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Knowing When To Push Yourself with CRPS

Published on June 13, 2017 under RSDS General Info

How far should you push yourself and your CRPS. Samantha delves into stress, events, and how to say no to doing something that'll set you over.By Samantha Barrett

What is your limit? How far can you truly push yourself and your CRPS? How do you gauge each and every day  when your ability changes by the hour? Samantha has experienced this and has some stories that may help.

As someone who has been living with CRPS for over a decade, I ultimately know what my limits are. Did I learn what they were right away? Absolutely not. There was a lot of trial and error in the process. But overtime, I’ve learned to read the signals that my body has given me. I’ve met a lot of people with CRPS in my time with it, and the one thing everyone is trying to figure out is what is pushing too far and when they can push more. While I’m not an expert, and I don’t play one on TV, I figured I’d offer a little bit of insight to this subject.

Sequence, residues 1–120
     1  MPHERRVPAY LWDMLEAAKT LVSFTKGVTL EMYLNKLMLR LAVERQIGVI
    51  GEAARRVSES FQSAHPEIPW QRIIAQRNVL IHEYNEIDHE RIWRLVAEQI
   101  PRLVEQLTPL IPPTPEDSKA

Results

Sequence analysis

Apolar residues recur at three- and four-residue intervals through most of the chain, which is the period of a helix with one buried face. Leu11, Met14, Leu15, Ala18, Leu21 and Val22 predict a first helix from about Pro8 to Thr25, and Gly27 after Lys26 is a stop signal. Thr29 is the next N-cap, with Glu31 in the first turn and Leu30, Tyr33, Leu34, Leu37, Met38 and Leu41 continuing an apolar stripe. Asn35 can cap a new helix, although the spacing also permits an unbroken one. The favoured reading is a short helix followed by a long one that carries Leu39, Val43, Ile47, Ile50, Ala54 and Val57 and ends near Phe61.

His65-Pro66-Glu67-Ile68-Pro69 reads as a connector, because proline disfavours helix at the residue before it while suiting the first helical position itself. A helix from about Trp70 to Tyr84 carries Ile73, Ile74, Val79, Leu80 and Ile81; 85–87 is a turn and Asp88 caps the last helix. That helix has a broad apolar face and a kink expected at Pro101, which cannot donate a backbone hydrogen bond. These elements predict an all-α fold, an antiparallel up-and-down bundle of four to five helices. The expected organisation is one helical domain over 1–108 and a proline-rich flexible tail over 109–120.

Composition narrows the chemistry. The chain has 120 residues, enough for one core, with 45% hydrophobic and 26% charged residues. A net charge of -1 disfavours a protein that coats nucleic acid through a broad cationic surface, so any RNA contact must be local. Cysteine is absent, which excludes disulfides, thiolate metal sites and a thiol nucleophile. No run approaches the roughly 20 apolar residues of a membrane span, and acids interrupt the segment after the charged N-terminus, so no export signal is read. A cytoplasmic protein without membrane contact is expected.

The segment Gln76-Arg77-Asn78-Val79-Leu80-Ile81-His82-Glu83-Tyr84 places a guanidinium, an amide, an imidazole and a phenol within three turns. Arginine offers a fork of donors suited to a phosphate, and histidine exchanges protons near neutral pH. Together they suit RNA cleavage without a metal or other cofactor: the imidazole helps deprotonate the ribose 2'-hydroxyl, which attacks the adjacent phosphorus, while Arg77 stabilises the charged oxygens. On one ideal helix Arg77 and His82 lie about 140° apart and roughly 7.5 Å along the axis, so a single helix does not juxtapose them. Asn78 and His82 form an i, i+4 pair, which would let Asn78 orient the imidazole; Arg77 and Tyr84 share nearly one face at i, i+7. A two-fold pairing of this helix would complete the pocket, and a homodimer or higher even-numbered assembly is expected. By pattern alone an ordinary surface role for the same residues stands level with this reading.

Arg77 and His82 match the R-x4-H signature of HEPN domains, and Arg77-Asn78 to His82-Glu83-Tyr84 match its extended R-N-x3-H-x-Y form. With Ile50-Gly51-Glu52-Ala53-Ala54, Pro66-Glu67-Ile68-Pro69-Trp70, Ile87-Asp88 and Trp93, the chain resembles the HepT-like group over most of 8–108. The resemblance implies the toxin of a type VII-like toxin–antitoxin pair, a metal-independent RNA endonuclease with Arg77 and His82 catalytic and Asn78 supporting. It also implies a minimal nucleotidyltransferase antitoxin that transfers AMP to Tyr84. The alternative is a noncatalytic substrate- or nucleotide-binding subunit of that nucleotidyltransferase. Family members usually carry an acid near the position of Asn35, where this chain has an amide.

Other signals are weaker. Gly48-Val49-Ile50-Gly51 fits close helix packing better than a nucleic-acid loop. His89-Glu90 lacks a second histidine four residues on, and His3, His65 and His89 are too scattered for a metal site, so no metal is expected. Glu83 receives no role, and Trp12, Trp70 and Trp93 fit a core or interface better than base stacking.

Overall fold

First of all, we need to make one thing incredibly clear. Only you can tell what your body is feeling and experiencing. Your best friend, mother, brother, neighbor, or local sales person cannot personally feel or experience your pain, fatigue, or anything else. Therefore, only you can make the decision about if you’re in too much pain to do something. Don’t get me wrong, there are days when I ask my family or friends if I should do something, for example: “Well, we just went to a movie. Do you think I should try to go shopping now too, or should I go rest?” In reality, I’m not asking them how I feel. Overtime, it’s become my warning (which they understand). I should be saying: “Hey, we just went to a movie, I don’t know how much longer I’m going to last, but we can try to go to a couple stores.” I’ve experienced something that I expect most people have. A group of friends wanted to go ice skating (yup, ice skating) and asked if I’d be going. I said no, my ankles can’t handle that and the cold puts me in severe pain. A few of them got frustrated with me and said I wasn’t even trying. At the time, I was devastated and debated on trying to go. I didn’t end up going. I tried to explain to them, even after it all settled, but they never understood. Needless to say, this type of thing happened a few times and I’m no longer friends with them. Trust me, you don’t have the time for that kind of negativity in your life.